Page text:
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Construction noise is officially getting louder in Toronto

They're not pretty, they're definitely not clean, and they're anything other than conducive to getting around the city— but at least they keep us up all night with their beeps and booms and and bangs!

Construction sites are a boon to people who hate quiet moments of peace in their homes. The rest of us think they're terrible, as evidenced by a soaring number of noise complaints since 2015.

As part of its larger noise bylaw review process, the City of Toronto hosted a public consultation on Tuesday night to learn how citizens are dealing with noise caused by construction, specifically.

Roughly 50 people showed up to express frustration over what seems to be a growing problem: "Unreasonable" loud sounds that permeate the walls of homes and businesses at all hours of the day and night.

There are bylaws in place that prohibit at least some of this noise between certain hours, but builders are able to apply for exemptions and it seems as though many (successfully) do.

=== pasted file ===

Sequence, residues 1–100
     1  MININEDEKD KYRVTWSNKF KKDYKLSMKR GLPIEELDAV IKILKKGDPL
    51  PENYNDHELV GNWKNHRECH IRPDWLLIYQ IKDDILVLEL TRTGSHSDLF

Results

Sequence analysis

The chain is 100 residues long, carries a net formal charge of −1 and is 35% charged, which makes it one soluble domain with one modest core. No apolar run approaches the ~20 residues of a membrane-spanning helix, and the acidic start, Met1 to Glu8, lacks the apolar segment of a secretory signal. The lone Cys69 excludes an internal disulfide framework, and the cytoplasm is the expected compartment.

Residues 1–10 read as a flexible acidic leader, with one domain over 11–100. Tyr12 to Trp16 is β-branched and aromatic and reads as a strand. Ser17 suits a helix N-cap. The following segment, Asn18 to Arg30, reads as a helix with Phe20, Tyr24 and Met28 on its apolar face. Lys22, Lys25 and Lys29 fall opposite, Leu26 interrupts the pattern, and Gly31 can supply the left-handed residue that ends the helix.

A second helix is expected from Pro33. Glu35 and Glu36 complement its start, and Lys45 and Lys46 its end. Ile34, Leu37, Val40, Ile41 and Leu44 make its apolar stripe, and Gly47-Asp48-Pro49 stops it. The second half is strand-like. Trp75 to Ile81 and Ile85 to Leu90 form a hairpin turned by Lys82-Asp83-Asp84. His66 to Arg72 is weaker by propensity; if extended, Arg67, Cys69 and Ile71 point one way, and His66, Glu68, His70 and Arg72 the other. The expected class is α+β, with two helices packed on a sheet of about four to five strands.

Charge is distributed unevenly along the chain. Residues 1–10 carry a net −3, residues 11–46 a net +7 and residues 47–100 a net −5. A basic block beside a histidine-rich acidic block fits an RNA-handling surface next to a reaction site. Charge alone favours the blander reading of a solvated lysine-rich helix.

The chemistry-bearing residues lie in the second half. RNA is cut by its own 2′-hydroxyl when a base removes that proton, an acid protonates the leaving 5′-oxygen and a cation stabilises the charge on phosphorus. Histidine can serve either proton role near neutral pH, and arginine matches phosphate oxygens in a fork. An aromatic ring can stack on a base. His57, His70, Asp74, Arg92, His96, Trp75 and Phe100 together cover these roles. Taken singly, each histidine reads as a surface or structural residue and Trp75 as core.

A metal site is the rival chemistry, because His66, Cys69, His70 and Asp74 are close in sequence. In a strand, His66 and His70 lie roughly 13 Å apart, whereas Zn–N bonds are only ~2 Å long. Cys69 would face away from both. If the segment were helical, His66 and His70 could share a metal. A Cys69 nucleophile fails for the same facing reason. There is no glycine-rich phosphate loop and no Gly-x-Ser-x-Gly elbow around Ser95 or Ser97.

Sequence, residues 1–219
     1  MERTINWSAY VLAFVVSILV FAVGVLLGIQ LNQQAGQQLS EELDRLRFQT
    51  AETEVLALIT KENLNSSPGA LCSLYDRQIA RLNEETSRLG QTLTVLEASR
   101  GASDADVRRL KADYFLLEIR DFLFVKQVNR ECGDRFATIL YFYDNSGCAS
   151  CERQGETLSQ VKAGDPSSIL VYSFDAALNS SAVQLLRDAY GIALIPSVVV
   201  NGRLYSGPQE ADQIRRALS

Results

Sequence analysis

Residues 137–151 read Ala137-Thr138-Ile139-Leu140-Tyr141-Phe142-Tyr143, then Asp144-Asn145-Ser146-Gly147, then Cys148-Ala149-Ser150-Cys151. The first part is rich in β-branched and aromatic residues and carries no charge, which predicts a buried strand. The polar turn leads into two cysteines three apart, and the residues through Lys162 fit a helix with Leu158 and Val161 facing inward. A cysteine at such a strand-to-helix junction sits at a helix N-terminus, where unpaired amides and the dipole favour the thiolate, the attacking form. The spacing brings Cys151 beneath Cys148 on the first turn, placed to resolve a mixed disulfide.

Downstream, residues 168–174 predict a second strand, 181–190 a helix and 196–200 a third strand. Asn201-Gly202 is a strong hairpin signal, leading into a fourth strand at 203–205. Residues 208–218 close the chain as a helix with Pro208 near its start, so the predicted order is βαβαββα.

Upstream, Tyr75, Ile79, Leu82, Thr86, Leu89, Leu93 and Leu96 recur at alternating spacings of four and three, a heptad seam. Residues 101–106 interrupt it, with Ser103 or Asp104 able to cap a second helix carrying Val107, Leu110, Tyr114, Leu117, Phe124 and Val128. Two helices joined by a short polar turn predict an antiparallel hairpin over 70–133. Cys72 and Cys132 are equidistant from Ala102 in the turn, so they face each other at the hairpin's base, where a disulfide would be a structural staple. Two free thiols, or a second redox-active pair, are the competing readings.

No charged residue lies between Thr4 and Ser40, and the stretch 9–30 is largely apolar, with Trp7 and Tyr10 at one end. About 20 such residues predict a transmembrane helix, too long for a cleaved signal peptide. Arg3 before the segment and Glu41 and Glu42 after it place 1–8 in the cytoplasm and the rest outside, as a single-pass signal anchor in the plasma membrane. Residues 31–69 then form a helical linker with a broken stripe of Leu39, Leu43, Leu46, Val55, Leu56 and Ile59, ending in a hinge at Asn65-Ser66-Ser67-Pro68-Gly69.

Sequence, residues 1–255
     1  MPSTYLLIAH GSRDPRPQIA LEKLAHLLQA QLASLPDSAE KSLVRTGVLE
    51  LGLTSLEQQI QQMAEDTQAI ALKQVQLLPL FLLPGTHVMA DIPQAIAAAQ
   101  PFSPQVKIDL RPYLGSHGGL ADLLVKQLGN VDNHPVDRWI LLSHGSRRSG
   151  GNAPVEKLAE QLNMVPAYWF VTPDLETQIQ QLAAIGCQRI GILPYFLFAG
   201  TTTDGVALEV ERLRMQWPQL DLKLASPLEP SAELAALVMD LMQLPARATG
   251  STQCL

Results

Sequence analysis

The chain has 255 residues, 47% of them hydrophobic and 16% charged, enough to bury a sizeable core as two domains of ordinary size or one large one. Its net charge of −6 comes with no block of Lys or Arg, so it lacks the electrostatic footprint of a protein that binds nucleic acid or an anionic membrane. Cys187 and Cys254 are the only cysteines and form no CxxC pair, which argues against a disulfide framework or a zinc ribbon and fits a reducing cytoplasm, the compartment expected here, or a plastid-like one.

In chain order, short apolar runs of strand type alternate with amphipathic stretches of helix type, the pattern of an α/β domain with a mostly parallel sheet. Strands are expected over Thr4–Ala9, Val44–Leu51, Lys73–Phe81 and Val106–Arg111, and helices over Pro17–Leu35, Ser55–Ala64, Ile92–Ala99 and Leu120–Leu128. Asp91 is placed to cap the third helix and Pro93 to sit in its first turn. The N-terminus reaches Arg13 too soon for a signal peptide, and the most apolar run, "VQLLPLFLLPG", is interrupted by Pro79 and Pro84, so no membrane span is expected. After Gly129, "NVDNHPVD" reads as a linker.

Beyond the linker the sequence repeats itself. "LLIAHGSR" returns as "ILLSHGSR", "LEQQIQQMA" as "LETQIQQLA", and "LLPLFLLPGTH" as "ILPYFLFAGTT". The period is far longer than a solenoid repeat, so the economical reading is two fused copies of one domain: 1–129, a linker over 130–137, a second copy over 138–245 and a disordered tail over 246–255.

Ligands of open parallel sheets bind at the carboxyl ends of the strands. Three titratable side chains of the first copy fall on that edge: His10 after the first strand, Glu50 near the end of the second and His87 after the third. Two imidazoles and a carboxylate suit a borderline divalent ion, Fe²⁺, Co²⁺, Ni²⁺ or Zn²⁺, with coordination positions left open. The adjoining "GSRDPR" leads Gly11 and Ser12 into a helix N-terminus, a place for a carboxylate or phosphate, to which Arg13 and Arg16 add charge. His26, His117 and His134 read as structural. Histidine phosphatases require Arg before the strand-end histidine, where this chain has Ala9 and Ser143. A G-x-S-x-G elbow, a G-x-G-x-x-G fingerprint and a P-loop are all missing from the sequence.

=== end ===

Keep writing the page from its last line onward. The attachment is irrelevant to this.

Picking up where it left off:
The city granted a total of 102 construction noise exemptions in 2015, according to the Toronto Star. By the end of last year, that number had risen to 177.

That's a 60 per cent increase in just three years.

The city has also been receiving far more applications for construction-related noise exemptions during the same period of time, up to 248 in 2018 from just 132 in 2015.

What's interesting is that if a city councillor doesn't respond to construction company's noise exemption request within 14 days, the request is automatically approved under current regulations.

It's a loophole that many of those gathered at the noise bylaw consultation in Regent Park on Tuesday hope to see closed, especially in light of how many new construction sites continue to pop up in Toronto (both for private developments and the city's own infrastructure projects).

Recommended updates to the noise bylaw, influenced in part by public consultations such as the one held earlier this week, will be presented to City Council this spring.

Fingers crossed for everyone living anywhere in downtown Toronto right now.

Lead photo by

Grant D


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